In last week’s post, I explained some of the basics of what a trademark is, and how it protects both businesses and consumers. Once a valid trademark has been established, the holder of that mark can enforce its rights against other businesses or individuals who infringe upon them. Remember that the purpose of a trademark is to identify and distinguish the source of particular goods or services. Trademark rights are infringed when a third party uses the mark in a way that alters the public’s association between a product or service and its source. Two of the most common forms of trademark infringement are direct infringement and trademark dilution. This post will address direct infringement, and an elsewhere I address trademark dilution.

Direct infringement occurs when someone uses another person’s trademark in a manner that is likely to cause confusion as to the source of a particular good or service. Going back to the McDonald’s example from last week’s post, if someone opens a restaurant called “McDonald’s,” or uses the “golden arches” logo, without permission from the McDonald’s Corporation, that person is committing direct infringement. The new restaurant’s unlicensed use of the McDonald’s trademarks is likely to confuse customers into thinking that its products are related to those of the actual McDonald’s Corporation.

The name or logo that our McDonald’s impersonator chooses need not be identical to those of the actual McDonald’s in order for him to directly infringe upon the company’s trademark rights. Even if he selects a name or logo that is not identical to those of the trademark holder, he can still be liable for trademark infringement if his marks are “confusingly similar” (for example, naming his restaurant “MacDonald’s,” or using green arches rather than gold). Again, the concern with direct infringement is whether the second use of the mark creates a “likelihood of confusion” as to the source of the goods or services offered.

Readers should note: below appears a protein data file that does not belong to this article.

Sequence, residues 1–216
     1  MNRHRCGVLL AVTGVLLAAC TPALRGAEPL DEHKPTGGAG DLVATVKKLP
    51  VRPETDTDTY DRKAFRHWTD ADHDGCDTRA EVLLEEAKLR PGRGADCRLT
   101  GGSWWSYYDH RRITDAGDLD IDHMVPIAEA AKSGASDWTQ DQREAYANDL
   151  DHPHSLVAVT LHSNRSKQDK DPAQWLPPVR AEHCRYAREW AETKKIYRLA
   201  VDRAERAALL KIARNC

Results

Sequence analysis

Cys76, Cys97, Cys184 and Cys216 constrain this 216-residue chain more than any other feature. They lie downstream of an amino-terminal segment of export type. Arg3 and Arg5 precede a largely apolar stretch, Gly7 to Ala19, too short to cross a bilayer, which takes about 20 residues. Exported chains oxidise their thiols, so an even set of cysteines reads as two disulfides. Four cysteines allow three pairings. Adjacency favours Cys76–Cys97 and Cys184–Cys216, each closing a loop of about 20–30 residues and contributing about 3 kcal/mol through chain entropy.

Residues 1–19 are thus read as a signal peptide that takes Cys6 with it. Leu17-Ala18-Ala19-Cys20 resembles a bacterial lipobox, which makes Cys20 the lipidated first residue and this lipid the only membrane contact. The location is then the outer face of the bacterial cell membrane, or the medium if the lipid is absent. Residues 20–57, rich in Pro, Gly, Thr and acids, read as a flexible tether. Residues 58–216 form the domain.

Whether confusion is likely is often not easy to determine. Courts generally consider several factors: the strength of the mark, the proximity of the goods or services of the holder of the mark and alleged infringer, how similar the marks are, evidence of any actual confusion, the marketing channels used, the degree of care consumers are likely to use when seeking out particular goods or services, the alleged infringer’s intent when he selected the mark, and the likelihood of expansion of the product lines. Weighing these factors, the more likely it is that the use of a mark would cause confusion, the more likely a court is to find direct infringement.

When thinking of trademarks, it is important to remember their primary purpose: source identification. A strong trademark will allow consumers to easily associate a good or service with its source company, and an act by a third party that causes the public to confuse that source would be direct trademark infringement.

Check out my previous post to brush up on trademark basics.

Or read on to learn more about trademark infringement through dilution.